- Attention: Your level of alertness and ability to attend to targets and disregard noise
- Information processing speed: How quickly you process information
- Memory: The level at which you encode and recall information
- Executive functions: Your ability to apply information, compare, and make sound judgments
- Spatial skills: How you lean on visual cues and senses to make decisions
Examples of Cognitive Function Tests
Here are some examples of cognitive function tests that may be performed in a clinical setting:
- Verbal Memory: How well can you recognize, remember, and retrieve words?
- Recall appointment times
- Remember to take medications
- Psychomotor Speed: Can you precisely use tools and perform mental and physical coordination?
- Drive a car
- Play a musical instrument
- Processing Speed: How well do you process information?
- React to possible risks
- Respond to issues accurately
- Simple Visual Attention: How is your ability to track something quickly and accurately?
- Simple attention control
- Motor Speed: Are you able to move how you intend to move?
- Manual dexterity actions
Such tests could be included in the following test batteries:
- Neurotrax – A computerized test for cognitive assessment used in research and clinical settings.
- CNS Vital Signs – A computerized batter for cognitive assessment used broadly in clinical settings.
- CANTAB – Cambridge Neuropsychological Test Automated Battery, administered on a tablet.
Other short screening tests of cognitive functions include:
- MOCA – Montreal Cognitive Assessment. A short paper and pencil test available so on Tablet.
- MMSE – Mini Mental State Examination. A short paper and pencil test.
- Mini-Cog: A short computerized cognitive screening test.
Why Take a Cognitive Function Test?
A cognitive function test may be performed if there are signs and symptoms of cognitive decline or impairment. Someone may also want to gain more information about their cognitive health.
Maybe you’ve noticed changes in yourself or your loved one; perhaps you have a family history of cognitive decline and want insight into your own brain health. These are valid reasons to seek a test.
Think of these test results as insightful data. Cognitive function tests may help unveil areas you may want to improve. We want to emphasize that results from these assessments shouldn’t make you feel incapable or point out your shortcomings; they’re to help you learn more about your brain capabilities and encourage a discussion with your medical team.
What Cognitive Function Tests Show
As noted earlier, cognitive function tests look for cognitive strengths and potential areas of decline. You can use cognitive test results to initiate a conversation with your doctor, who can help you plan the next steps.
According to Dr. Gil Suzin, Head of the Neurocognitive Unit at Aviv Scientific: “The goal is to paint an overall picture of the patient’s health to understand factors that may drive cognitive decline.”
Since each person is different, taking a deeper dive with a professional is essential. Just like you can’t Google your symptoms to diagnose yourself, you can’t take a cognitive test to diagnose any conditions.
Your health specialist may order additional tests or look into your medical history to clarify your situation and determine any support you may need.
What Cognitive Function Tests Do Not Show
Cognitive function tests do not show:
- Why you might have cognitive impairment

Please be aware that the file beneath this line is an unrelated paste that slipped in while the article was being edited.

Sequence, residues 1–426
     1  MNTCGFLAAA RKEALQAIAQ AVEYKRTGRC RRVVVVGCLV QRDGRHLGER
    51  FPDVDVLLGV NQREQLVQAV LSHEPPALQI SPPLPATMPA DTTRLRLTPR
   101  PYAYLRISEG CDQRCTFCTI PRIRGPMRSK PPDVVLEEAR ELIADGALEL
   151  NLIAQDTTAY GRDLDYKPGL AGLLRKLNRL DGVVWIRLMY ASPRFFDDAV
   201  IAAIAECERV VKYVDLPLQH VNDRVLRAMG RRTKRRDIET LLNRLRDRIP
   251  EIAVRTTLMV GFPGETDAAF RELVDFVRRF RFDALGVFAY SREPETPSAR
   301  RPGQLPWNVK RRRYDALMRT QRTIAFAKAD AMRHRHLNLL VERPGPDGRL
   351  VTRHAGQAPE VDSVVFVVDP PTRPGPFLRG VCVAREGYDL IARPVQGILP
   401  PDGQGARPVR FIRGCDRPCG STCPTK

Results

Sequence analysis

- What areas of the brain carry the impairment
- What condition may be causing cognitive impairment
- Whether the impairment is hereditary or acquired
Only a physician or neuropsychologist can address these areas.
How to Prepare for Your Upcoming Cognitive Function Test
You don’t need to prepare for a cognitive test; studying isn’t necessary.
You can rest assured because cognitive function tests consist of simple questions and tasks. The assessment is designed to learn more about you and offers a meaningful workout to your brain. So, relax and go in as yourself.
What to Expect During the Cognitive Test
The test will entail a series of questions and exercises. Cognitive function tests typically cover the following:
- Recall and memory: Being asked to recall objects, places, or people you were shown and/or being asked to describe an event
- Analytical thinking: Solving puzzles via rules and noting relationships between objects or figures
- Attention: Using visual and auditory speed to concentrate and finish tasks
How Long Do the Tests Typically Take?
It depends on the type of test you take, but a cognitive function test typically takes between 25 minutes to 1.5 hours to complete.
Can Cognitive Impairment be Reversed?
With the right protocols and medical team by your side, you can reverse some forms of cognitive impairment. Research illustrates that a variety of therapies, which may include hyperbaric oxygen therapy (HBOT), can help:
- Drive the body’s regenerative mechanisms.
- Improve and restore cognitive brain functions.
One study specifically discovered the main improvements involve “attention, information processing speed, and executive functions, which normally decline with aging.”
Your Cognitive Health Matters: Stay Proactive with Aviv Clinics
Every decision we make each day impacts our cognitive well-being, and staying proactive is one of those decisions. If you want to be proactive, you can restore cognitive function with the Aviv Medical Program, which is founded on decades of research that enhances performance and brings relief to our clients.
With our unique protocol and cognitive training, the Aviv Medical Program targets the main cognitive domains known to decline during aging, including:
- Information processing speed
- Executive functions (i.e., response inhibition, cognitive flexibility)
- Fine motor speed & coordination